Evidence from the Largest Randomised Study (Australian)
In a multicentre study published in the Medical Journal of Australia, researchers found that acupuncture is an effective and safe treatment for migraines, ankle pain and back pain. The authors, led by professor Marc Cohen concluded that “The effectiveness of acupuncture in providing acute analgesia for patients with back pain and ankle sprain was comparable with that of pharmacotherapy.” This article aims to elaborate on the findings of this study and highlight the efficacy of acupuncture as a remedy for pain.
Background of the Study
Acupuncture is a practice in traditional Chinese medicine (TCM) that has been used for generations. Different cultures have used acupuncture as an alternative treatment to remedy multiple health conditions, including pain relief.
The test of time and personal testimonies support the efficacy of acupuncture. In fact, acupuncture is recognised in the Therapeutic Guidelines for Australian doctors, and the Australian government’s Medicare Benefits Schedule. But what about science? Are there reliable and unbiased scientific studies that support the practice of acupuncture as an analgesic? This was the objective of the Australian study by Cohen et al. (2017).
The federally-funded “multicentre, randomised, equivalence and non-inferiority trial” sought to determine whether acupuncture was equivalent to conventional pain treatments. The study sample included 528 patients with an ankle sprain (166), migraine (92), and acute low back pain (270). The respondents were distributed among four major hospitals in Melbourne, Australia. The study criteria included patients with a pain score greater than 4. The patients received:
- Acupuncture alone (177)
- Acupuncture and conventional painkillers (178)
- Standard painkillers alone (173)
To enhance the credibility of the study the researcher did not know which treatments the patients were receiving (single-blinded study). After analysing the outcome of the study, the researcher found out that over 80% of the respondents felt relief – regardless of the treatment. The findings proved that acupuncture was equivalent to pharmacotherapy in managing pain.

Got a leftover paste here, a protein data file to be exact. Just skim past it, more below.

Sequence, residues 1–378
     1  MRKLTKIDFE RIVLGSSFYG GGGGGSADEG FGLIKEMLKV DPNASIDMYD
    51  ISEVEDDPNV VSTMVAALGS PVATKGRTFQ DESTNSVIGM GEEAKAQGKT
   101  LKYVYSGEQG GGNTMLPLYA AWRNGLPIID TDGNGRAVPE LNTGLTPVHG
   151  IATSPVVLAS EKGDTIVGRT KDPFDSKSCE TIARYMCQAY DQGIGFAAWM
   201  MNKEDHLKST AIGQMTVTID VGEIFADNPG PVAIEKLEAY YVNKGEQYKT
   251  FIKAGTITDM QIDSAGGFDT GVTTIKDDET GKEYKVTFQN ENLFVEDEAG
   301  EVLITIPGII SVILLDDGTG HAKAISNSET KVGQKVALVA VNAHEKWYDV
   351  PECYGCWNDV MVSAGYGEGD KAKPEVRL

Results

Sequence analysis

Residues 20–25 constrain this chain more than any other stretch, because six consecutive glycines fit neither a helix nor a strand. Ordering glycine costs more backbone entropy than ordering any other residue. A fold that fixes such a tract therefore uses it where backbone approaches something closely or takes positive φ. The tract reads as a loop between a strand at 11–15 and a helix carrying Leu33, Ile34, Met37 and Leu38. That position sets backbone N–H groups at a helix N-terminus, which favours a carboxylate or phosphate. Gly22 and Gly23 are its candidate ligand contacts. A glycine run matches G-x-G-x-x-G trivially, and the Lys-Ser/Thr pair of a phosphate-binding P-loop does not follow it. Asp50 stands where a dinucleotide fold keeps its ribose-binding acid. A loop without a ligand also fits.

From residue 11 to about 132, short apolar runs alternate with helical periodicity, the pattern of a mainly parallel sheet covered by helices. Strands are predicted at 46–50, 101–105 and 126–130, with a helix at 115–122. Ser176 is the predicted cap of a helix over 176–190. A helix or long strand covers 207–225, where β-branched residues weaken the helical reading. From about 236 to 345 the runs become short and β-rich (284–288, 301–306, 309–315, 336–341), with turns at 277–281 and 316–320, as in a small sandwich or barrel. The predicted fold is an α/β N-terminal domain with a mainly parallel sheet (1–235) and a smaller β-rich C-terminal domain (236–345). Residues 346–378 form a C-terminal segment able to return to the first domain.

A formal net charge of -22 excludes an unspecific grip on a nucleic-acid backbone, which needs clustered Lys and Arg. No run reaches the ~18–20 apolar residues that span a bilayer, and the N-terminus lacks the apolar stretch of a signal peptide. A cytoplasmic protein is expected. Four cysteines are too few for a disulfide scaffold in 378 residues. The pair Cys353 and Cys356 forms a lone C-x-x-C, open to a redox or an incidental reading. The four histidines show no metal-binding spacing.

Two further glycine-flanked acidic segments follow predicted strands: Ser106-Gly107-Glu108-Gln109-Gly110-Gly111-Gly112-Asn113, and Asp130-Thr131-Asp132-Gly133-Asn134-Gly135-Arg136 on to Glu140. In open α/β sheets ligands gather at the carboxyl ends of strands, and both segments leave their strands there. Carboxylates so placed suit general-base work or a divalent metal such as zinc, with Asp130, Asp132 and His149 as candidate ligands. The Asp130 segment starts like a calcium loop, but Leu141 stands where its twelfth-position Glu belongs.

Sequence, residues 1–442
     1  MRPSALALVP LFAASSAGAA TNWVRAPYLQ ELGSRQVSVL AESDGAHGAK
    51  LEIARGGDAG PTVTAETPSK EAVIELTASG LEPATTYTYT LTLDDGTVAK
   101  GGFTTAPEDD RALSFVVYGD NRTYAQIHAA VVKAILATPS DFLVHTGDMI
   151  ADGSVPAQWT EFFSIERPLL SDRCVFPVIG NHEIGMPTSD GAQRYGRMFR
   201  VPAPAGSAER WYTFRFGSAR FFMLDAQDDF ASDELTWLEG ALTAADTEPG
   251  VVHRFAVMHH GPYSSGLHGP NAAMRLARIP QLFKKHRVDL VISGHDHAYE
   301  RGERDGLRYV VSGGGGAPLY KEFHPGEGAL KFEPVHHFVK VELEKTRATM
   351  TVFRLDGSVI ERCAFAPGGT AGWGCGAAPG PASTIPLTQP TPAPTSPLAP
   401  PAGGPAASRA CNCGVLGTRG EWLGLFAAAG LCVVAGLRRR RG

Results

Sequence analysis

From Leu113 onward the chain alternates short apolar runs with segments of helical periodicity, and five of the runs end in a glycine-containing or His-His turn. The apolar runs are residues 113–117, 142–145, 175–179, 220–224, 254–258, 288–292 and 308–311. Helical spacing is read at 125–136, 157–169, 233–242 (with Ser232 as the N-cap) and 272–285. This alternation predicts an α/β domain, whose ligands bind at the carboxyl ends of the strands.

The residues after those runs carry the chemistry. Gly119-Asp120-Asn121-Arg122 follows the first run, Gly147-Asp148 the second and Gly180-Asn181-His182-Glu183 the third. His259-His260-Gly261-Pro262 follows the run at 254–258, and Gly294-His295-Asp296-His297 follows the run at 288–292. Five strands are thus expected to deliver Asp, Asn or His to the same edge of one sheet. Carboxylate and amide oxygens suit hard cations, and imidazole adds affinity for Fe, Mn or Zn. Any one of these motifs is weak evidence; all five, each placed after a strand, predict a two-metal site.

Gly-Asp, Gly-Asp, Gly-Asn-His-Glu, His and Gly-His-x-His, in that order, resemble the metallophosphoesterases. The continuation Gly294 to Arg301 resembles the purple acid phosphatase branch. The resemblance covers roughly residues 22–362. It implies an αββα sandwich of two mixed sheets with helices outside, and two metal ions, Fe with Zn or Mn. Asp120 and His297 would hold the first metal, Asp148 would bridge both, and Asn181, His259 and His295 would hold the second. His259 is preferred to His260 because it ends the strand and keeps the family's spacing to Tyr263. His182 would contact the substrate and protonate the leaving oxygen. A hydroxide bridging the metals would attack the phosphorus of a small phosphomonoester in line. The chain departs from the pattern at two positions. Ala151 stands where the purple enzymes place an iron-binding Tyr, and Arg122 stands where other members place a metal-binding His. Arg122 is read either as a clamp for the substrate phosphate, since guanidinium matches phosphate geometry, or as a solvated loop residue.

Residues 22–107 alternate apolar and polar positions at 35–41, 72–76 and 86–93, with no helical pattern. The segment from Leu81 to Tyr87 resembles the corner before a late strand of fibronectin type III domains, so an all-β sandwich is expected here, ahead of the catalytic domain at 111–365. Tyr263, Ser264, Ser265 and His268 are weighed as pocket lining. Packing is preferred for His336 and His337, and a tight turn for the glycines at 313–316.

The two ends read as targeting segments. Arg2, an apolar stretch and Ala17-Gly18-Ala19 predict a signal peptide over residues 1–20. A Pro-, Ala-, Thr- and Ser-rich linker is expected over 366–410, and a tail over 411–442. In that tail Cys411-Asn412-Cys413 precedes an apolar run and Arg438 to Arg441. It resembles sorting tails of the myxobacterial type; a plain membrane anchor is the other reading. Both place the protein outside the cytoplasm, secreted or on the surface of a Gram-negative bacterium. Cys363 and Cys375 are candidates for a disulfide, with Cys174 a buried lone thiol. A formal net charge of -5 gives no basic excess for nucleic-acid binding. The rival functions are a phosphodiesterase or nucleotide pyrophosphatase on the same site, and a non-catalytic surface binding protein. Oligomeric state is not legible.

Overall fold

Other Studies on Acupuncture for Pain Relief
- A meta-analysis appearing in the Journal of Evidence-Based Complementary and Alternative Medicine concluded that “acupuncture was associated with a greater immediate pain relief effect compared to sham acupuncture and analgesic injections.”
- “Acupuncture is effective for the treatment of chronic pain and is, therefore, a reasonable referral option.” This was the recommendation of a study by Vickers et al. (2012) based on a systematic review of over 17,000 patients.
- In another systematic review, the researcher analyzed 39 trials, totaling 20,827 patients. The study, which was published in the Journal of Pain found that acupuncture was an effective treatment for osteoarthritis pain, headache, and chronic musculoskeletal pain. The findings also showed that the pain relief effects of acupuncture treatment persist over time.
The Implications of the Studies
Based on the findings of the studies highlighted in this article, acupuncture is a viable option for pain relief. With the risk of adverse side effects and increased abuse of opioid analgesics, acupuncture is an important alternative treatment. So why not remedy your pain by targeting the root cause in an effective yet safe manner?
The pain clinic at Centre of Balance Hamilton provides professional acupuncture treatment to manage all kinds of pain. You can contact us directly or visit our clinic at 27F Whatawhata Road, Dinsdale, Hamilton 3204, New Zealand.
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Cohen, M. M., Smit, D. V., Andrianopoulos, N., Ben‐Meir, M., Taylor, D. M., Parker, S. J., … & Cameron, P. A. (2017). Acupuncture for analgesia in the emergency department: a multicentre, randomised, equivalence and non‐inferiority trial. Medical Journal of Australia, 206(11), 494-499.
Xiang, A., Cheng, K., Shen, X., Xu, P., & Liu, S. (2017). The immediate analgesic effect of acupuncture for pain: a systematic review and meta-analysis. Evidence-Based Complementary and Alternative Medicine, 2017.
Vickers, A. J., Cronin, A. M., Maschino, A. C., Lewith, G., MacPherson, H., Foster, N. E., … & Acupuncture Trialists’ Collaboration, F. T. (2012). Acupuncture for chronic pain: individual patient data meta-analysis. Archives of internal medicine, 172(19), 1444-1453.
Vickers, A. J., Vertosick, E. A., Lewith, G., MacPherson, H., Foster, N. E., Sherman, K. J., … & Acupuncture Trialists’ Collaboration. (2018). Acupuncture for chronic pain: update of an individual patient data meta-analysis. The Journal of Pain, 19(5), 455-474.